Complete Guide On Rental Income Tax

By: Abdullah Haroon

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Taxes aren’t pleasant to think about in a capitalistic society. There are dozens of types of taxes which makes taxes pretty complicated for laypeople to understand.

A complete guide on rental income tax

Buying rental property may make things even more complicated. It’s a good idea to learn more about taxes to help avoid financial trouble later. Let’s break down the concept of rent taxation to get a better understanding.

What Type of income is Rental Income?

Rental income is simply income earned from owning your property. Rental income includes rent payments, security deposits, and any other income a property owner accepts as a result of owning their property. You are supposed to include the rent you receive from a tenant in your gross income.

Additionally, you may deduct the expenses incurred from owning the property from the rental income before paying taxes. The income that’s subject to taxation is that which is left after expenses are deducted.

  • Advance Rent:

Any payment you accept from the tenant before payment is due is considered an advance payment. You are supposed to include any advance payments in your total income for the year in which you received it.

For example, if you sign a five year lease and you received $3,000 worth of rent for the first year and $3,000 for the last year at the same time, you must include the total amount in the first year’s rental income ($6,000).

  • Security Deposits:

There are different conditions in place for security deposits. If you intend to use the security deposit against any contingency in the lease, you must include it in your rental income.

On the other hand, if you plan on returning the security deposit to the tenant towards the end of the lease, you shouldn’t include it in your income.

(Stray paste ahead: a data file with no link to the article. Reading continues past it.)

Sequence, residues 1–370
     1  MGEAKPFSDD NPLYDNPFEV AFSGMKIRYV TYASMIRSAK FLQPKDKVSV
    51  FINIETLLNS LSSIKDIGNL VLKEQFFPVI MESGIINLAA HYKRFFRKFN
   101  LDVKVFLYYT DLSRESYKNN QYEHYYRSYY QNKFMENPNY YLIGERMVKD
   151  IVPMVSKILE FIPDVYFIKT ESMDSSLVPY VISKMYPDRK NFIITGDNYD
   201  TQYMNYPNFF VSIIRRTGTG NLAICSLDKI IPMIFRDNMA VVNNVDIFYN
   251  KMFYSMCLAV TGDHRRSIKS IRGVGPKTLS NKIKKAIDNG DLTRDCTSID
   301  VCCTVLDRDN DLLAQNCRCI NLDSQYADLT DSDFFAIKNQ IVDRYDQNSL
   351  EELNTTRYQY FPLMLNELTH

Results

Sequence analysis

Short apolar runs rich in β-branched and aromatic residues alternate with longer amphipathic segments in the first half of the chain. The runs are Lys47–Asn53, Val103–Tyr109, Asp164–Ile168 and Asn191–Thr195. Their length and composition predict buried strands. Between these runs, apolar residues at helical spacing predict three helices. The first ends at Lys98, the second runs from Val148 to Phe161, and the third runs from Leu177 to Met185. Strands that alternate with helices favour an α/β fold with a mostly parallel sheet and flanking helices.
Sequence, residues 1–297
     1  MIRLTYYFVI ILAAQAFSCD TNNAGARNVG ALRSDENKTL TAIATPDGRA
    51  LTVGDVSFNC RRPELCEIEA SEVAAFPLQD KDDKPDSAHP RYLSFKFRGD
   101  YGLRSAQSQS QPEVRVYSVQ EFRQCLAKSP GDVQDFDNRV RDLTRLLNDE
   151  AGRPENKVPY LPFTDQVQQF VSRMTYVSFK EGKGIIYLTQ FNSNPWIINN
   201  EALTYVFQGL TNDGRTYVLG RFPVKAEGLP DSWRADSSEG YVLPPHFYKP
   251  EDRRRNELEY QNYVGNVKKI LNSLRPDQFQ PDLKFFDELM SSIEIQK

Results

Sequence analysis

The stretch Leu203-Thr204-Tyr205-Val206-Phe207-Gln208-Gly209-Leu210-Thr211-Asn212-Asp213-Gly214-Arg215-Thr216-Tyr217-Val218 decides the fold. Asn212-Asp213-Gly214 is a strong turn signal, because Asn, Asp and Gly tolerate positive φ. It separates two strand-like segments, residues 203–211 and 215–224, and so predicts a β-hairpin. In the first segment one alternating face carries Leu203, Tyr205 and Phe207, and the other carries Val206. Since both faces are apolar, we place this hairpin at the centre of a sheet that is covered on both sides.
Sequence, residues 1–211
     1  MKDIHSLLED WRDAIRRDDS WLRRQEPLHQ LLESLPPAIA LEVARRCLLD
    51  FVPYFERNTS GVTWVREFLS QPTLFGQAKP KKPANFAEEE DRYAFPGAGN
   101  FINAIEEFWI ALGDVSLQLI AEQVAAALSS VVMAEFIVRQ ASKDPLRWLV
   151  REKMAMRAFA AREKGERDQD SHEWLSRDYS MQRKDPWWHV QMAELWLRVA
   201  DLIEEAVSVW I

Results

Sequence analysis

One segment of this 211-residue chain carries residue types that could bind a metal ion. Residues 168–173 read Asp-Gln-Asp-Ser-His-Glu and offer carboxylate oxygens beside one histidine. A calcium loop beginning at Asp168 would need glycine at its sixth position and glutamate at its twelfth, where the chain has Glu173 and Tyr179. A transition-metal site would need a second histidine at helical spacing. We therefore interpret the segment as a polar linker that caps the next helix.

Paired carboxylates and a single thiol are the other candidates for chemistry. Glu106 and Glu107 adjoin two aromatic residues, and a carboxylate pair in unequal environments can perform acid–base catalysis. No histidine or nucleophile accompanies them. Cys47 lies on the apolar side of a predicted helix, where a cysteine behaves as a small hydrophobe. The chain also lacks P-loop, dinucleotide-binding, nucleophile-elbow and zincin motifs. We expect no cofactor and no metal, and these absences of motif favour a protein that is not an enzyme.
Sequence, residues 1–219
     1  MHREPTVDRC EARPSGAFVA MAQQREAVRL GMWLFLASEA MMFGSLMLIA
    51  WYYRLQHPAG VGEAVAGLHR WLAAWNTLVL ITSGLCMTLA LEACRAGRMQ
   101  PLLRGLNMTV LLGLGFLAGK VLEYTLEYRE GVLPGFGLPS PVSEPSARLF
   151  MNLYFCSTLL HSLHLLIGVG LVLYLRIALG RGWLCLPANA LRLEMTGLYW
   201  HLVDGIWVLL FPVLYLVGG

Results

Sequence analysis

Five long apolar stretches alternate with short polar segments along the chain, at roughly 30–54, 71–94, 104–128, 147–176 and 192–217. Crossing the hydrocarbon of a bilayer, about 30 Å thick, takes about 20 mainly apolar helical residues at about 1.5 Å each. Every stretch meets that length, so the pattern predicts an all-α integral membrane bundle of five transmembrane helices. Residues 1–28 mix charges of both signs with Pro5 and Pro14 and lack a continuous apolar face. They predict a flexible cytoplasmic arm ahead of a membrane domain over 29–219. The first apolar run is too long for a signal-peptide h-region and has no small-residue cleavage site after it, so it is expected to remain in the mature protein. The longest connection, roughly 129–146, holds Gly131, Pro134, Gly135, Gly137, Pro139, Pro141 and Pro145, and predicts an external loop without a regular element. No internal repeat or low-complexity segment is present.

What type of income is rental income?

Likewise, if you have to use the security deposit as the final rent payment, you’ll also need to consider the payment as rental income and include it on your tax return.

  • Other Expenses Paid by Tenant:

Any funds your tenant spends on paying utility bills or on maintenance expenses also fall under rental income. You may deduct the amounts as expenses but you have to include it in the first place.

Is Rental Income Taxable?

There are few things in the world that aren’t taxable–rental income is no exception because it’s subject to taxation under the law just like any other income source.

There are two types of rental businesses: passive and non-passive. Rental property is normally considered a passive business. Non-passive businesses include activities such as property development, operation, or management.

Another factor that impacts rental taxation is the nature of the owner’s involvement. If the owner manages the property then the owner is an active participant, while if someone else manages the property the owner is considered a non-active participant.

This distinction It creates a difference in the tax deductions and, thus, impacts the overall tax.

Common Rental Income Deductions: